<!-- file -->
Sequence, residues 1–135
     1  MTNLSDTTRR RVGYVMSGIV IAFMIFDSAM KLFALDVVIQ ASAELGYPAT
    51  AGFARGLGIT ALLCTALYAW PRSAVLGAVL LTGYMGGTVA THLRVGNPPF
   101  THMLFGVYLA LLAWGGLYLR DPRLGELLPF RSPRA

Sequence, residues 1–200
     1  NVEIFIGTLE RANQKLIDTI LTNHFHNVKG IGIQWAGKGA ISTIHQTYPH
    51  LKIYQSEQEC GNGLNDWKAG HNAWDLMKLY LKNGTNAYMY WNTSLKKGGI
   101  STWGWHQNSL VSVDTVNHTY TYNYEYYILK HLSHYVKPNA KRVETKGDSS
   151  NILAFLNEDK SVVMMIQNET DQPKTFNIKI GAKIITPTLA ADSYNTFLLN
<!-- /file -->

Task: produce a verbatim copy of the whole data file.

Sequence, residues 1–135
     1  MTNLSDTTRR RVGYVMSGIV IAFMIFDSAM KLFALDVVIQ ASAELGYPAT
    51  AGFARGLGIT ALLCTALYAW PRSAVLGAVL LTGYMGGTVA THLRVGNPPF
   101  THMLFGVYLA LLAWGGLYLR DPRLGELLPF RSPRA

Sequence, residues 1–200
     1  NVEIFIGTLE RANQKLIDTI LTNHFHNVKG IGIQWAGKGA ISTIHQTYPH
    51  LKIYQSEQEC GNGLNDWKAG HNAWDLMKLY LKNGTNAYMY WNTSLKKGGI
   101  STWGWHQNSL VSVDTVNHTY TYNYEYYILK HLSHYVKPNA KRVETKGDSS
   151  NILAFLNEDK SVVMMIQNET DQPKTFNIKI GAKIITPTLA ADSYNTFLLN